motive.

    • It sounds to me as though your points are best saved for an arguement about privatizing the judicial system.

    • Prisons themselves have social value, though you
      could argue that there are better ways to take care of
      serious offenders. The social value lies in keeping those
      who can't live in society off the streets -- what's
      it worth to you to prevent burglary of your home,
      rape of a loved one, or a scamster tricking your
      mother out of her life savings? Private prisons are
      simply facilities. The state does not delegate the
      decision to deprive citizens of liberty -- it only
      contracts for their custody and housing. If motel 6 was
      secure, they could conceivably put them up there. Your
      beef is on behalf of civil service jobs, not the
      philosophy of who gets to take away one's liberty. "Value
      added" is not the issue, it's cost subtracted. All that
      really matters is performance -- security, adherence to
      law, and (if you believe it works) rehabilitation. I
      think there are better ways to deal with the problems
      of crime (have published on the subject), but
      neither Crants nor Gray Davis have asked my opinion.

    • I am suggesting that private prisons cost more
      than they are worth. I have yet to see them "add
      value" to society to a great degree.

      Next to
      taking a persons life, the deprivation of a persons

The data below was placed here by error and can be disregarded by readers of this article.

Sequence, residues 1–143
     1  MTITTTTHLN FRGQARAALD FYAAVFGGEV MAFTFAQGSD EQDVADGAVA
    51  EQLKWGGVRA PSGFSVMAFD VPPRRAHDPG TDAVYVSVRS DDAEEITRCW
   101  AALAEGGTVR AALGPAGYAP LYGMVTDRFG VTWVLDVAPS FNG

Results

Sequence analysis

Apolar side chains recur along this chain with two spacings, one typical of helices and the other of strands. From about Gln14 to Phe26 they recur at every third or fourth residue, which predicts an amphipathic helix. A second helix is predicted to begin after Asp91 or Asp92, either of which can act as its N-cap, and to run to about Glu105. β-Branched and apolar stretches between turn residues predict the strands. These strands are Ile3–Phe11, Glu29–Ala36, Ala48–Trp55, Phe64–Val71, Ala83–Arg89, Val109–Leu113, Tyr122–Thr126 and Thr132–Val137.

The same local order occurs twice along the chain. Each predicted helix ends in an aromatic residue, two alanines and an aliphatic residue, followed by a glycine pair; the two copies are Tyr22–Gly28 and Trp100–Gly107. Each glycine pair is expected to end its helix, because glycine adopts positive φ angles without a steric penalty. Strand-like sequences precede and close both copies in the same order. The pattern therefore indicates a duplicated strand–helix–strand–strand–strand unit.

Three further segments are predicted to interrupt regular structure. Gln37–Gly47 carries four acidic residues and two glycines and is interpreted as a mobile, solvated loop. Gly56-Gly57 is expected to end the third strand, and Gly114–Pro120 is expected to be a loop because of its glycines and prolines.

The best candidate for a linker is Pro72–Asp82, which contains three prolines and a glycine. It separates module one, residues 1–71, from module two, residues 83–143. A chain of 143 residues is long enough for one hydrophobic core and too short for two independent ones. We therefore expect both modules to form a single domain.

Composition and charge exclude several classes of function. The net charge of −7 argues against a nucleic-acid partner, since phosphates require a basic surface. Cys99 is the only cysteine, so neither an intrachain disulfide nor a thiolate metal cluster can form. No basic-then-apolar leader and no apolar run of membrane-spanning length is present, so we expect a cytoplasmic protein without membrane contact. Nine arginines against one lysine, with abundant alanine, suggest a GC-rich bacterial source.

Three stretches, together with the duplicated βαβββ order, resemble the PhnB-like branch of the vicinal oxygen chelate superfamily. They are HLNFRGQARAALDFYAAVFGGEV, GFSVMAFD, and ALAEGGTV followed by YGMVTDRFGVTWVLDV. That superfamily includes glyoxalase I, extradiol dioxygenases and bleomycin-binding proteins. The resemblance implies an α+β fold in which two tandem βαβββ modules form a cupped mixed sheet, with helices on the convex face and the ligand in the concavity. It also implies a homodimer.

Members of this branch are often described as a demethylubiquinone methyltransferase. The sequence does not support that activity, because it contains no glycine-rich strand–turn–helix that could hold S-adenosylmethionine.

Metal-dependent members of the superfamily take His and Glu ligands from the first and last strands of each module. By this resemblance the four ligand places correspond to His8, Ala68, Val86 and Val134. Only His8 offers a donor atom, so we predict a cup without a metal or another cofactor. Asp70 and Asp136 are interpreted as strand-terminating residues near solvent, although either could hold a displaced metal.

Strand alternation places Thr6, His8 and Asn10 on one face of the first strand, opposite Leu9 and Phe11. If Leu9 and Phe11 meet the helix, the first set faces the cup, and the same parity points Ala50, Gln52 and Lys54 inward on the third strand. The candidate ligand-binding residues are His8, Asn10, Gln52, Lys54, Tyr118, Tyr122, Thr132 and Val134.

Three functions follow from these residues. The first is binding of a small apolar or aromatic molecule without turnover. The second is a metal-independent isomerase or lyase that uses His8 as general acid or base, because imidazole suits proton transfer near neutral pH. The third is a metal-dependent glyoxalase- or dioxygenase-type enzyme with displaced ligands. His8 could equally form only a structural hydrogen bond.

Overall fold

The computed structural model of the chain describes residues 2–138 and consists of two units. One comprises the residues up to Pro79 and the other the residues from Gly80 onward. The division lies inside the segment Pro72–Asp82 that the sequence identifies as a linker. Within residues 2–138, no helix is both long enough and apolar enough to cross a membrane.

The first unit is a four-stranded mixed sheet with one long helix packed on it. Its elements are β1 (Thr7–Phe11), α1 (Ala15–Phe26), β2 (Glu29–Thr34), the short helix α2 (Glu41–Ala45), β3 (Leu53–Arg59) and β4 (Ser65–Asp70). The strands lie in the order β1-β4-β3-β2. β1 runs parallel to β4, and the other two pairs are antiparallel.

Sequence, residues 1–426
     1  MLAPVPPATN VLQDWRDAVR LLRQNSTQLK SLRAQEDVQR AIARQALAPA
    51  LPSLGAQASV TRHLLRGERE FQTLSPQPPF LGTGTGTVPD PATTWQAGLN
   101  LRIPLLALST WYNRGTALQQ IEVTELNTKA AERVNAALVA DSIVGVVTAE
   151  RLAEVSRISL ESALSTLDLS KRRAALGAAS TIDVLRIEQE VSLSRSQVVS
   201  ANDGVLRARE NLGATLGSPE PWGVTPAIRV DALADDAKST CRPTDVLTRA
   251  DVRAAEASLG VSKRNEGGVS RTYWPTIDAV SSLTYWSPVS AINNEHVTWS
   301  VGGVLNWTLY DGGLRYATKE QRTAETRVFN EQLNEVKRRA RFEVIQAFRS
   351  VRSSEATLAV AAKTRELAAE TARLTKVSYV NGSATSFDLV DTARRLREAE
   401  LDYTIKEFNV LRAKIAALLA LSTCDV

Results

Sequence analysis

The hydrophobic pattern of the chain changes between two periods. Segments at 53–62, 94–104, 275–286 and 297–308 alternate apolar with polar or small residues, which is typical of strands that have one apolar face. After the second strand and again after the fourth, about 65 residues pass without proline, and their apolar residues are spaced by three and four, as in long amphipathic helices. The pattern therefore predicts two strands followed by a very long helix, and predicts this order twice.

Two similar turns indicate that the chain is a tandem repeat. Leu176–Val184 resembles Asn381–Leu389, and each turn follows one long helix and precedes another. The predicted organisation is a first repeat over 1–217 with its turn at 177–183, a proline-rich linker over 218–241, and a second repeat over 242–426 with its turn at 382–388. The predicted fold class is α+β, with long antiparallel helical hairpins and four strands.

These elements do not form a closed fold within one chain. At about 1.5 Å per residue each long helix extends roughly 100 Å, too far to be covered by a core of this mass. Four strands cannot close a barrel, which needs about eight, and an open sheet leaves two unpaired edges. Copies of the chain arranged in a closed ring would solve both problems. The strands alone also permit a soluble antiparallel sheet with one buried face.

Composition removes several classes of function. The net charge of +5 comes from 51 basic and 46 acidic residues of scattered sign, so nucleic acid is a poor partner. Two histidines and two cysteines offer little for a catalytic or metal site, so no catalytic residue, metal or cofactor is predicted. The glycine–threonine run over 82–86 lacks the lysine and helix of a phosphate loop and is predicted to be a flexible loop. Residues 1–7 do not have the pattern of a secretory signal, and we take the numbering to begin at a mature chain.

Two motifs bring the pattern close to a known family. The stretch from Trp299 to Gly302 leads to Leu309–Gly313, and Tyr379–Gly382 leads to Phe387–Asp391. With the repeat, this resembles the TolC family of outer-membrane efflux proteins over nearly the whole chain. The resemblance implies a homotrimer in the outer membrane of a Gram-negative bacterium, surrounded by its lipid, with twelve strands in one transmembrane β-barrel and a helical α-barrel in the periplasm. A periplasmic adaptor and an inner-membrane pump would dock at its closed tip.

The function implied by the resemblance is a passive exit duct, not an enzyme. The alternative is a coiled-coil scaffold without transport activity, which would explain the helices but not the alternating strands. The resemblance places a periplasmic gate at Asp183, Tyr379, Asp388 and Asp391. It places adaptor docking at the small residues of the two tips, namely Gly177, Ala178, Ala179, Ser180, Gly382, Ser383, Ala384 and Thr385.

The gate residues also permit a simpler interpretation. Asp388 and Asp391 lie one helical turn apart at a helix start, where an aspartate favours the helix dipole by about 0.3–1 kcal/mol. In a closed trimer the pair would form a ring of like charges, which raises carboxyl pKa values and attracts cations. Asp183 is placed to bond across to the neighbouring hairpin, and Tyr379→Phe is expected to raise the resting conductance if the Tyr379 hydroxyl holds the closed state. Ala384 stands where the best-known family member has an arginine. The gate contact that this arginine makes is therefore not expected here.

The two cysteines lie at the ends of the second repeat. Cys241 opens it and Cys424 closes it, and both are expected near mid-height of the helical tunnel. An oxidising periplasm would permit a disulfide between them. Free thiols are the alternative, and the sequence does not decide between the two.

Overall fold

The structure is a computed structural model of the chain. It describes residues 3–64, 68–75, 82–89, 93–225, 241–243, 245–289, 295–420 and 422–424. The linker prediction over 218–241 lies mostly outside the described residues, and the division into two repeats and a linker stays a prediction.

liberty in one of the most serious things a society can
      do and should be the job of a goverment agency.

      That criminal who's freedom has been taken away still
      is out of control. You just have them put in a cage
      with other imprisoned people and those people who
      watch over them. Many criminals do need to be taken off
      the street. Many don't.

      Are we suggesting the
      the answer to the crime problem is to lock people
      away as cheaply as possible without looking at the
      effects this policy has on society when they get out?

      If all this is governed by profit and loss why would
      we want to rehabilitate prisoners?
      The more
      people we imprison the more money we make.

      Don't
      we really want them to come back so that we can make
      more money off of them? Our country has one of the
      most serious crime problens in the world. Why would we
      want to solve the crime problem at all?

    • ...make money off the sick. Biotech investors
      make money off the hopes and dreams of the sick. Food
      co. investors make money off the hungry. Clothing co.
      investors make money off the poor. Housing investors make
      money off the otherwise homless. Energy investors make
      money off those polluting the air. Tech investors make
      money off gadgets we don't need.

      Come to think
      of it, clothing makers make money off the captivity
      of others since they must clothe prisoners. Steel
      companies because steel is used to make prisons. Concrete
      companies since they build foundations of prisons. Phone
      companies since there are phones in prisons. Drug
      comnpanies since prisoners need medical care. Farmers since
      prisoners need to eat.

      Whew, there's a pool of
      blood running down my shirt now.

    • IMHO this company is officially in play and we should see a sizable return from here.

    • View More Messages
 
CXW
15.90Sep 23 4:00 PMEDT